Fountain pen books tend to be expensive. That’s understandable. They’re very often in the large “coffee-table” format, they’re usually profusely illustrated and they have a short and costly publishing run. In publishing terms, we fountain pen fanciers are a tiny and insignificant minority. Far from being best-sellers, many fountain pen books will sell in the hundreds rather than the thousands. No-one’s going to get rich producing books on our niche interest.
As they cost so much, it’s worth being choosy about which books you buy. Unfortunately, you can’t decide how useful a book will be until you’ve had a chance to study it. Most fountain pen books aren’t on offer in the bookshops and you can’t really assess them online. I’ve enjoyed reading all the fountain pen books I have, but there are some I wouldn’t have bought had I known what they would be like in advance. Over the coming weeks, time permitting, I’ll discuss some of the books I have, which may help others to find the ones they would like.
My ideal pen book – and I have a couple of those – is useful as a reference work and contains information I don’t already have. The information is accurate and reliable. That isn’t invariably the case. Pen authors have a tendency to repeat the old, long-ago disproved fables, like the one about Waterman losing a contract because his pen failed, or Conway Stewart only producing 200 of their floral pens. Then again, some authors equate bling with quality and disparage excellent pens because they’re not shiny enough. Other books fail because of the lack of a logical sequence or an index, which means you can never find what you’re looking for. Useful information may be there, but it’s no good if you can’t find it.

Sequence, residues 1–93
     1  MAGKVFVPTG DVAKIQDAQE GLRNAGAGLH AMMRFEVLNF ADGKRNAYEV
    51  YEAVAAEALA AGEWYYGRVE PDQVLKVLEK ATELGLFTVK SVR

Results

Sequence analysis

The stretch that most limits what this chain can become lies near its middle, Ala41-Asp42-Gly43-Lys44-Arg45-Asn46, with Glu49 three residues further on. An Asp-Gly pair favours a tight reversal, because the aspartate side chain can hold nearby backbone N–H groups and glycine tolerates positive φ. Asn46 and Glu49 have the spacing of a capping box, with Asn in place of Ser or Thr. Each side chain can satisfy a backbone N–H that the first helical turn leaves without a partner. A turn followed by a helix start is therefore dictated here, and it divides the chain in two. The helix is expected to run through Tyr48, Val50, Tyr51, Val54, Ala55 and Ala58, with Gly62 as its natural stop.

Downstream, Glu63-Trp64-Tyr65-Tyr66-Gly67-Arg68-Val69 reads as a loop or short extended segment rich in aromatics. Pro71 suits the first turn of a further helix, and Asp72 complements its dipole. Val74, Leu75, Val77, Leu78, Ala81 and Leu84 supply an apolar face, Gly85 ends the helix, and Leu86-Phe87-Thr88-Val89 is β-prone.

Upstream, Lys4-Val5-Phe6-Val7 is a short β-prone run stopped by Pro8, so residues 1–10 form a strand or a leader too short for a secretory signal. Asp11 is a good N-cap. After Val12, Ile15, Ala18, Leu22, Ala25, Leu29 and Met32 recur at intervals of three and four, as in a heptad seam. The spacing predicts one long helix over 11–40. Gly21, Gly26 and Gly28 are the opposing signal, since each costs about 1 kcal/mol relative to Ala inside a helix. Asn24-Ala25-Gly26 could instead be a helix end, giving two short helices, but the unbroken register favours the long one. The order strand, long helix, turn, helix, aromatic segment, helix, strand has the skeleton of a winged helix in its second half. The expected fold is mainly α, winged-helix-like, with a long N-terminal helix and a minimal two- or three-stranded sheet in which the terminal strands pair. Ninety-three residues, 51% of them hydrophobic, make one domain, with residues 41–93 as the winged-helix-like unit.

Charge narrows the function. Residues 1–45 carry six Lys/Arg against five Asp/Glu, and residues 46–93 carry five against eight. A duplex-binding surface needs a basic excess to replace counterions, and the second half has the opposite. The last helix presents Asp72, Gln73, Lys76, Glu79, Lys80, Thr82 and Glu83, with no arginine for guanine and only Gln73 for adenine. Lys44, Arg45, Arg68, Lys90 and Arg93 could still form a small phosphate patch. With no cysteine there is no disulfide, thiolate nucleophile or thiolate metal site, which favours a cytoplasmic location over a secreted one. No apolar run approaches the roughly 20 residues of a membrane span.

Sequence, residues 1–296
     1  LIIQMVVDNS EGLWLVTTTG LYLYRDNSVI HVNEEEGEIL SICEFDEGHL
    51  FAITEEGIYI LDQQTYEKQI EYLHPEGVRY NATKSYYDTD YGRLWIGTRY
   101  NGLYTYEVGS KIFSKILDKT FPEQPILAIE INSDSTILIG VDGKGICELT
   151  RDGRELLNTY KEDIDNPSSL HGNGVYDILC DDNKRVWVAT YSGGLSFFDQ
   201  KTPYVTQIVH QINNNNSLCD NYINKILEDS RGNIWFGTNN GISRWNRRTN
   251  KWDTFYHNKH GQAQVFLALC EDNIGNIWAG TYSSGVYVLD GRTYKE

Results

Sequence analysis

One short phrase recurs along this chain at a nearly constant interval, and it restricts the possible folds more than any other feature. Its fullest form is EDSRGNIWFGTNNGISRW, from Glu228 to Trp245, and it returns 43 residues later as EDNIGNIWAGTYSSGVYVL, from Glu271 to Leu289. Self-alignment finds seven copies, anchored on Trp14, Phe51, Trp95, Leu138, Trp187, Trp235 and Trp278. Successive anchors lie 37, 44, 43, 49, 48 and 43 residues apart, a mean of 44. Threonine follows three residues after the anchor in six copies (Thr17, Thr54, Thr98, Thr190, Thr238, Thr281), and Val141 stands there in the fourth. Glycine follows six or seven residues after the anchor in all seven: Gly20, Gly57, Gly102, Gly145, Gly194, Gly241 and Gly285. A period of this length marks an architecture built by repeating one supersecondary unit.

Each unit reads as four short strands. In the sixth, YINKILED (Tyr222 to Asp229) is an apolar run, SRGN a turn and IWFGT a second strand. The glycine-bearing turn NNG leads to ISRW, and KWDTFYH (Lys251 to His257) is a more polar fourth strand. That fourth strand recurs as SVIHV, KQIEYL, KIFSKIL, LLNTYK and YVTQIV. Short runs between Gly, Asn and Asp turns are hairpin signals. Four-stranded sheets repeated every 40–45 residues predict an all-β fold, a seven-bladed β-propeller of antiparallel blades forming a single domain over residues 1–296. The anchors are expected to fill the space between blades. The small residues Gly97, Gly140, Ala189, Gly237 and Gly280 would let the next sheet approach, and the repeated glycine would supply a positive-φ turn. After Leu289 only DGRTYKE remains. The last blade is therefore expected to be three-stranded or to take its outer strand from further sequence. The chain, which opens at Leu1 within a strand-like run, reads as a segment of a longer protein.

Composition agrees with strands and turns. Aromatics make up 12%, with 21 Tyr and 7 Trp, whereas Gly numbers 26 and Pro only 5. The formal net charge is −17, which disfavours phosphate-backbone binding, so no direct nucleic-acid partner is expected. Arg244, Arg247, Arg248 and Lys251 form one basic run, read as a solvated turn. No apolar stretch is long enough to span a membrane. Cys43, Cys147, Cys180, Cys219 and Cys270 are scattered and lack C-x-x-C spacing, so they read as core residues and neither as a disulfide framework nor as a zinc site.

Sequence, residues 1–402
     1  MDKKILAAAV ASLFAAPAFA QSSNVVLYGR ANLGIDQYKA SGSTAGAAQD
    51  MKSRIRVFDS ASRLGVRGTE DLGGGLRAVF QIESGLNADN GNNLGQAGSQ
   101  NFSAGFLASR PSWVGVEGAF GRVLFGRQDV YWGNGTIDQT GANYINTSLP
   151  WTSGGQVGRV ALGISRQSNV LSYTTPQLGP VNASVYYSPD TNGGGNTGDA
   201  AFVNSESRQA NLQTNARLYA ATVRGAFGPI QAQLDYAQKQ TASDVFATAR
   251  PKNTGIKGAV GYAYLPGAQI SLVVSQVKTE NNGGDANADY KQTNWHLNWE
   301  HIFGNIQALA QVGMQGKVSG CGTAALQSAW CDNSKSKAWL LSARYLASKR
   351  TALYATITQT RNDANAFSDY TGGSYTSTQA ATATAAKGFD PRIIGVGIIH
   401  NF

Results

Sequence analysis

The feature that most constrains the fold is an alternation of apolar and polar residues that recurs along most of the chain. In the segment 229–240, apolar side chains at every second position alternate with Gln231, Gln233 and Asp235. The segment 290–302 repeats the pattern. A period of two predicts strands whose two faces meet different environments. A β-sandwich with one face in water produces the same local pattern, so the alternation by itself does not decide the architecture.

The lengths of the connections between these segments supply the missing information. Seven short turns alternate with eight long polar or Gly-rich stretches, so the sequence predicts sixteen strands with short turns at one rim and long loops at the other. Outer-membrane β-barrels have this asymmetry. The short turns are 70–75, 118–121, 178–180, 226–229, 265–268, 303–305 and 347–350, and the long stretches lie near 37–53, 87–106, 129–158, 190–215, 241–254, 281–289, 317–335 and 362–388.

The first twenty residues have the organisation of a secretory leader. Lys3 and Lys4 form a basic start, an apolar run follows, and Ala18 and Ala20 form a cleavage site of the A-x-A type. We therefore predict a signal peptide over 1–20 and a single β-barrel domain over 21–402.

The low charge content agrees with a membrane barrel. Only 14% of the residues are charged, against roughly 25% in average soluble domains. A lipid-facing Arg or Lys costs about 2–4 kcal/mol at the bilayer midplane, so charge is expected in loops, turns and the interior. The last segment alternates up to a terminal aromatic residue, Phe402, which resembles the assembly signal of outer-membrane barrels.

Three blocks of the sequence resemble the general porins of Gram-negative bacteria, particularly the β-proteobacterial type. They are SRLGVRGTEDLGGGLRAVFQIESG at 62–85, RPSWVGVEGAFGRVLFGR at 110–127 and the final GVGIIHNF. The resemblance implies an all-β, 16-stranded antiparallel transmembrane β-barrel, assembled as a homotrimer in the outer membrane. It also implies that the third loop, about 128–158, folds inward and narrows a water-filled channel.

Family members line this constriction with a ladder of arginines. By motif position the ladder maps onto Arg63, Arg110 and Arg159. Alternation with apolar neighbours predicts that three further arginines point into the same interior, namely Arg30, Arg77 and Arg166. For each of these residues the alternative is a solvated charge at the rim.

Some books list valuations, which seems a futile effort, as the prices go out of date so rapidly, and there is no real established market price for most old pens. They’re worth what someone will pay for them on the day. Yes, if you find a Pompeian Brown Duofold you’re in the money, but what’s a basic BHR Waterman 52 worth? Only the market can tell you, and it’ll give you one price today and another tomorrow. But I digress…
A few of the pen books are truly outstanding, the result of years of painstaking research, checked and re-checked for accuracy, well laid out and/or indexed. I have one or two of them, my first go-to research tools. They’re the noticeably well-thumbed volumes on my shelves, the ones I will have to replace when I wear them out.